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Don't understand the recipe instructions . . .

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shivvy | 01:27 Mon 21st Mar 2011 | Food & Drink
11 Answers
I fancy making this recipe:
. . . however I don't really understand the last bit ie the layering bit.
It says to layer the different elements in a rice pan. I have looked up rice pans and they look like pressure cookers or slow cookers. I don't have that equipment so is there some other way I can steam it?
Also, once it is done, how should it be served? Surely the prettiness of it being layered would be lost by the time it would be scooped out of a pressure cooker or casserole etc?>


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As I read it-they mean the pan the rice was cooked in.
As for the layering-I assume that is just for cooking purposes-not to make a dish that looks pretty. It's a shame there isn't a photo of the finished dish.
^^ Agreed.

... and Google images suggest it's just served in a heap, no 'prettiness' to it, aside from some garnish.
Question Author
Ah - on reading again it clearly means the pan the rice was cooked in - thanks pasta and naz!
Although even if i did layer it in a saucepan and "steamed" it over a low heat, would it not burn after 10-15 minutes?
Here's how I read it:

The recipe refers to partially cooking the rice in a 'large pan' (Step 9), which I take to simply mean a big saucepan. Then it tells you to drain the rice (also Step 9). In Step 10 it says "Add the remaining oil to the empty rice pan". To me, that means exactly the same pan as you've just used to part-cook the rice. (i.e. you don't need any special pans).

PF seems to have read it the same way, so it's probably worth a try!

Question Author
yup - got that thanks chris
Partially-cooked rice will have absorbed plenty of water (and you're also adding a drizzle of saffron water). Steaming will simply drive off some of the excess water and allow the water already within the rice to permeate the membranes further.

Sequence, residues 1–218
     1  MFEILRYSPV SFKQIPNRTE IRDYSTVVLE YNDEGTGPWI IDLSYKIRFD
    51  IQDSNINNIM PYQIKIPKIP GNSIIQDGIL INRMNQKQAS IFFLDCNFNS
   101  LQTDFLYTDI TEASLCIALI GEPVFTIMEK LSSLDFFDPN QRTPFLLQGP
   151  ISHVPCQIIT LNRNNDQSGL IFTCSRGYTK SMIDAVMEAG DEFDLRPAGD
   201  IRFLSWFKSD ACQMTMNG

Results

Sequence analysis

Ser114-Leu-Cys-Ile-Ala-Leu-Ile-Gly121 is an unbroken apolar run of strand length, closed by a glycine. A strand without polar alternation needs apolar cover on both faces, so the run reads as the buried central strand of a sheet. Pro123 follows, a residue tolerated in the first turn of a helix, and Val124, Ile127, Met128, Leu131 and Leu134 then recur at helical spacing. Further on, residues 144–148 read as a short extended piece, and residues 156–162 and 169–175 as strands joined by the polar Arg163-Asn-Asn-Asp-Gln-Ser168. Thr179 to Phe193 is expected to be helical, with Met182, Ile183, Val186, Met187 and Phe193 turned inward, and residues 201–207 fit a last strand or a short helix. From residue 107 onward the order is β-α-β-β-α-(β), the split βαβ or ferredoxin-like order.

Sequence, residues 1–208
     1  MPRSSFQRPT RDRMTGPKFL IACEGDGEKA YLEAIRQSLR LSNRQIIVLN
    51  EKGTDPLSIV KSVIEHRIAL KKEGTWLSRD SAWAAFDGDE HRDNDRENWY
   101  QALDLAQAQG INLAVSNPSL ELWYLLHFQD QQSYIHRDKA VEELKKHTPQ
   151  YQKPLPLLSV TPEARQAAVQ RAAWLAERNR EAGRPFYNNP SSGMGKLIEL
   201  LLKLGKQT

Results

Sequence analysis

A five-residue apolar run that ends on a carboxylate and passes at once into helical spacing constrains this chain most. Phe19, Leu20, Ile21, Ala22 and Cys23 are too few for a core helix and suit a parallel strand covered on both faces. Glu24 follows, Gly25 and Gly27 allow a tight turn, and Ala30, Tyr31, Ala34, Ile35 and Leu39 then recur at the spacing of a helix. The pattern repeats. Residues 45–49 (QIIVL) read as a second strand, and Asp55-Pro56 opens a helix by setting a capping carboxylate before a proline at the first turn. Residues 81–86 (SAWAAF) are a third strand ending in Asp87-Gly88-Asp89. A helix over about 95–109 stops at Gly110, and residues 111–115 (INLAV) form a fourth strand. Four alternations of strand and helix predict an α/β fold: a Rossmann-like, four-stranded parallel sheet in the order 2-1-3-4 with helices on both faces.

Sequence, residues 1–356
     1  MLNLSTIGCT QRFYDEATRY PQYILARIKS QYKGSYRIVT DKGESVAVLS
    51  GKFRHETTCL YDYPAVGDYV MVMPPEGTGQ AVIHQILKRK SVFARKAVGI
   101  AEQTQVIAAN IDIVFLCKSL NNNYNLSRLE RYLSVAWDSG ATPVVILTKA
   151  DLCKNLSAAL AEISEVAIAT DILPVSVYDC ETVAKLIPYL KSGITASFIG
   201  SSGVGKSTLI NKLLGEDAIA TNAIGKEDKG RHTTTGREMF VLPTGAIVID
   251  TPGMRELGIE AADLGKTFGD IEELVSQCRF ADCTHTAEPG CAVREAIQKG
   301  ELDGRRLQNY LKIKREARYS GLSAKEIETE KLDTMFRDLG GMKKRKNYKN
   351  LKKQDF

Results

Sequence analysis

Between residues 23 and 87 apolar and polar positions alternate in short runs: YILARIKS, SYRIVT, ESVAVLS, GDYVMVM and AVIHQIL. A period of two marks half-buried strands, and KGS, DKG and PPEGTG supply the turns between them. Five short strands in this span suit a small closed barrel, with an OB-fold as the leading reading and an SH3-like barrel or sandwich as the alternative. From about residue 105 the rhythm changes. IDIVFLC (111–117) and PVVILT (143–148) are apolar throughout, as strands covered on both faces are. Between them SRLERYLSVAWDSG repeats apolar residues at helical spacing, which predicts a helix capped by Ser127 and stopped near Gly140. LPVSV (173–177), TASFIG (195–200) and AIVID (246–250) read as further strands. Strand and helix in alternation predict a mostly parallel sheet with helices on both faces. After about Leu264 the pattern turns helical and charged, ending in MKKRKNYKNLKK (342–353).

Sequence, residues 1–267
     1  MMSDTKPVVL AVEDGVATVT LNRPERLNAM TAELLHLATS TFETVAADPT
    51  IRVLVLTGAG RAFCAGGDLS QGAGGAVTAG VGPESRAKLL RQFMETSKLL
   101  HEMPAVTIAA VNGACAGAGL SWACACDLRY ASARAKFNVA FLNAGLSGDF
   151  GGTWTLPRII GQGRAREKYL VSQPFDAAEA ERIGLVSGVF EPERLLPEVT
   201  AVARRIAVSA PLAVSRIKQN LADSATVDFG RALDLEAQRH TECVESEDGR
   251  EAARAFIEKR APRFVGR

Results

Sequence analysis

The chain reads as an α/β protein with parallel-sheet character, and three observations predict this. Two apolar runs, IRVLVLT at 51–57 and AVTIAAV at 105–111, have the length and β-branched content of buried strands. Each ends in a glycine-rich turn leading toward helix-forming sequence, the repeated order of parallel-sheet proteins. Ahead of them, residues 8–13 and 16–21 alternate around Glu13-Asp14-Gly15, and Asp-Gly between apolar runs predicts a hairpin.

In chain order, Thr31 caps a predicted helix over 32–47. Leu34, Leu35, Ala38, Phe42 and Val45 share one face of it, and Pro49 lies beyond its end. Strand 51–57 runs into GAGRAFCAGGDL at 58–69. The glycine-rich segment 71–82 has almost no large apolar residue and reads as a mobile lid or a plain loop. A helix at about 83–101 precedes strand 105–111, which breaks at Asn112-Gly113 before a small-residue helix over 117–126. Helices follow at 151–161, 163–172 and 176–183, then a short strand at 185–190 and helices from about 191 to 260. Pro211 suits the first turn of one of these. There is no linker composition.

It's similar to the 'proper' way to cook boiled rice, where you only use a minimal amount of water so that it doesn't require any draining at all when it's fully cooked. (There's definitely a knack to getting that exactly right, and I tend to use more water plus draining. However the 'proper' method, carried out exactly, definitely produces fluffier rice, with individual grains).

There will be a certain amount of liquid from the other ingredients, that will 'trickle down' to the bottom layer. The trick is to have the heat on the lowest possible setting...there may be some unavoidable sticking.
Let us know how you get on-it sounds good.
Question Author
I'll give it a go Chris but I'm not hopeful!!

And why bother layering it when it is bound to look like a dogs dinner when it is transferred?!!
You need the steam to complete the cooking of the non-rice ingredients. The steam will come largely from the rice. If you put all of the rice at the top (or the bottom), the other ingredients wouldn't be properly steamed (because they'd be too far away from the source of that steam).
I watched Reza Mahammad cook this on tv & thought it looked delicious - i want to make it myself at some point.
he did use the cooked rice pan itself to layer the ingredients but any pan would do (if non-stick even better) you could also layer it in a pyrex type oven proof dish and finish it off in the oven on a low heat covered in foil but I would liberally sprinkle some water/stock into it since it's going into the oven.
If you wanted to divide the cooked rice & colour some with food colouring it would add another dimension in the layered finished look.
Hope it goes well & let us know the end result shivvy

this was delicious too

Anna x
Question Author
Thanks for your answers.
I'll give it a go later in the week and let you know how it turns out . . .

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